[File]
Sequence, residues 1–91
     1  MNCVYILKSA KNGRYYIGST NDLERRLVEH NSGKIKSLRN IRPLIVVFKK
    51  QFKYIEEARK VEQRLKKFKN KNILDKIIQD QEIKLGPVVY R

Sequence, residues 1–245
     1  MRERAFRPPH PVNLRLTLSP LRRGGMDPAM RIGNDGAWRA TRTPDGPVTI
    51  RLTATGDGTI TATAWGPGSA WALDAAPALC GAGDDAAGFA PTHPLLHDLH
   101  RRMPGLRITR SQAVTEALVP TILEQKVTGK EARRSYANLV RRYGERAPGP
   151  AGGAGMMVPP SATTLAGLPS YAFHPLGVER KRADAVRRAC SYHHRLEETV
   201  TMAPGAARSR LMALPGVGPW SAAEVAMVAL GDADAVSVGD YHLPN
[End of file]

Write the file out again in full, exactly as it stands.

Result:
Sequence, residues 1–91
     1  MNCVYILKSA KNGRYYIGST NDLERRLVEH NSGKIKSLRN IRPLIVVFKK
    51  QFKYIEEARK VEQRLKKFKN KNILDKIIQD QEIKLGPVVY R

Sequence, residues 1–245
     1  MRERAFRPPH PVNLRLTLSP LRRGGMDPAM RIGNDGAWRA TRTPDGPVTI
    51  RLTATGDGTI TATAWGPGSA WALDAAPALC GAGDDAAGFA PTHPLLHDLH
   101  RRMPGLRITR SQAVTEALVP TILEQKVTGK EARRSYANLV RRYGERAPGP
   151  AGGAGMMVPP SATTLAGLPS YAFHPLGVER KRADAVRRAC SYHHRLEETV
   201  TMAPGAARSR LMALPGVGPW SAAEVAMVAL GDADAVSVGD YHLPN